There was once such a job.  Now, of course, the closest we can come to it is forever hidden in the secrecy of our own private lives.  For, there is nothing sacred, anymore, and everything private has been allowed to be revealed in the public domain of electronic declaratives.  Whether of protecting holy oils, ensuring that decretals are unblemished in their interpretation; of maintaining the decorum, orderliness and cleanliness of the altar and the implements of worship; and initiating the timeliness of church bells to call upon the loyal throng to approach with the sacraments of piety.

When did such an important position become extinguished?  How did it become an anachronism and extinction of necessity, and who made such a determination?  Was it with the conflagration of the public domain upon the private – when formerly private deeds, of the sanctity of intimacy behind closed doors reserved by those who commit themselves into a tripartite unity of matrimony?  Was it when youth allowed for the destruction of dignity and defiance of decorum and all manner of discretion, of sending through electronic means photographs of acts beyond bestiality merely for prurient interests and chitter of laughter and good times?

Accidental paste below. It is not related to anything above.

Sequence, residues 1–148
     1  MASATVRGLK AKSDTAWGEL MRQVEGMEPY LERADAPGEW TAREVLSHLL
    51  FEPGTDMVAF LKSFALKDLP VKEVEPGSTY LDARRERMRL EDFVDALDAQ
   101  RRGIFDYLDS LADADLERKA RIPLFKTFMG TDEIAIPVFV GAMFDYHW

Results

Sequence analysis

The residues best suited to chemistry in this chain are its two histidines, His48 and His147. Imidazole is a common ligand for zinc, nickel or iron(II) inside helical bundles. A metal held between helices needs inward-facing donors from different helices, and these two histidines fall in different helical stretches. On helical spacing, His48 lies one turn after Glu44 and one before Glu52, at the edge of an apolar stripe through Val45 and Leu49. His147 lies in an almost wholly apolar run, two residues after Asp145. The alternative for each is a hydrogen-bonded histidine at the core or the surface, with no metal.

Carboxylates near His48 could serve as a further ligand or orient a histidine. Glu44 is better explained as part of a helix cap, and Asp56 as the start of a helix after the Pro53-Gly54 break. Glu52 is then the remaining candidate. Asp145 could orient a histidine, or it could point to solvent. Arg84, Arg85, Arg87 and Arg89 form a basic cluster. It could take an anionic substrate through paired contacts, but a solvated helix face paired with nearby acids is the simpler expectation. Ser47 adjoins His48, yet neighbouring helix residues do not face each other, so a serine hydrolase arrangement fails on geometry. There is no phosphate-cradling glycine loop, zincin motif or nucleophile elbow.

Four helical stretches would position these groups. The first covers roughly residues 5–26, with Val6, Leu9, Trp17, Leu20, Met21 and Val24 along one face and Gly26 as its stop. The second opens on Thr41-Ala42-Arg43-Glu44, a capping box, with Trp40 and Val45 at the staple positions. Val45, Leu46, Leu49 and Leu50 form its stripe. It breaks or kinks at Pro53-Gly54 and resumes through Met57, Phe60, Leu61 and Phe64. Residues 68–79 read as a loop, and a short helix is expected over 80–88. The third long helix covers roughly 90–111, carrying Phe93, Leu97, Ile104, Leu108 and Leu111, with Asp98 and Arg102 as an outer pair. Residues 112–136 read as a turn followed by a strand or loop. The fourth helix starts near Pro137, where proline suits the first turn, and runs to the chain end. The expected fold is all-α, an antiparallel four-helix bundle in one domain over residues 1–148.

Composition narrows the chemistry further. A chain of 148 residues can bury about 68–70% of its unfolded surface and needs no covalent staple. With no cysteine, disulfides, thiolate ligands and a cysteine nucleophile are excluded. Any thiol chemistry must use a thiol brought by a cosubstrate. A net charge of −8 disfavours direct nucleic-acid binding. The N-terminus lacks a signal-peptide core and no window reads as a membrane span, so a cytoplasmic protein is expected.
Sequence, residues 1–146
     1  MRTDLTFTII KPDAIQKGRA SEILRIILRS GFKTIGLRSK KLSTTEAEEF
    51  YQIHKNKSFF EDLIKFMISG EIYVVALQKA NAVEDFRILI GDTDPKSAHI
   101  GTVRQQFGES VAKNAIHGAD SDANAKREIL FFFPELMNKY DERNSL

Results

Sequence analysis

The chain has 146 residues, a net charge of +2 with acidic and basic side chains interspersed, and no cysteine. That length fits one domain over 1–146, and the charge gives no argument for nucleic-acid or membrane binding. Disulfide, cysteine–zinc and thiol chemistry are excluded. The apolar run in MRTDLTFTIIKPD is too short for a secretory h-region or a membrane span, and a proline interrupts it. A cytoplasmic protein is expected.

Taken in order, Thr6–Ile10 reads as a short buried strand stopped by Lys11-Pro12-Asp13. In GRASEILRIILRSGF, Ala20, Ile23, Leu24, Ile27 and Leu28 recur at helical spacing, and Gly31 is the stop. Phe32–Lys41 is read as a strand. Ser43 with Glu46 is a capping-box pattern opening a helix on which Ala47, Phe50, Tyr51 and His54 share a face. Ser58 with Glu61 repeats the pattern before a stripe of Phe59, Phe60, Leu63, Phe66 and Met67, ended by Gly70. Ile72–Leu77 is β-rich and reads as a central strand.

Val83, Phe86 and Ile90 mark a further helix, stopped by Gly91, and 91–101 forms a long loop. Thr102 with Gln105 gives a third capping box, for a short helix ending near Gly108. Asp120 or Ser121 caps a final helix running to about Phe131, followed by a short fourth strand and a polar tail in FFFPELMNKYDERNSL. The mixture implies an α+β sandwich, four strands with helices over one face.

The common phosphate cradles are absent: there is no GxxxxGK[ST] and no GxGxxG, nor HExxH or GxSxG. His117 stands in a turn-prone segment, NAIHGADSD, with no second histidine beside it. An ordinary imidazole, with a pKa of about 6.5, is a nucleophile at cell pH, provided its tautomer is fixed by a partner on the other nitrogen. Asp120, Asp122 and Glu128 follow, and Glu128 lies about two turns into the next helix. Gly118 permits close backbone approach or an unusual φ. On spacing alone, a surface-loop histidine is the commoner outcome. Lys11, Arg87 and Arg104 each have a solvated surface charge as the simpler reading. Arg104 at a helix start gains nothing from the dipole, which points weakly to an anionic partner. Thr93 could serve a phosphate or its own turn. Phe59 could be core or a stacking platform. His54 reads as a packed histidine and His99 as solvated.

The sacristan is unemployed; he or she is now merely a vestige of an arcane past where holiness, purity and the sacred have been sacrificed upon the altar of inconvenience and guilty consciences replaced by the King of Human Folly:  Psychology.  What do we hold sacred, anymore, and behind what closed door can we find the remains of a past forever absolved?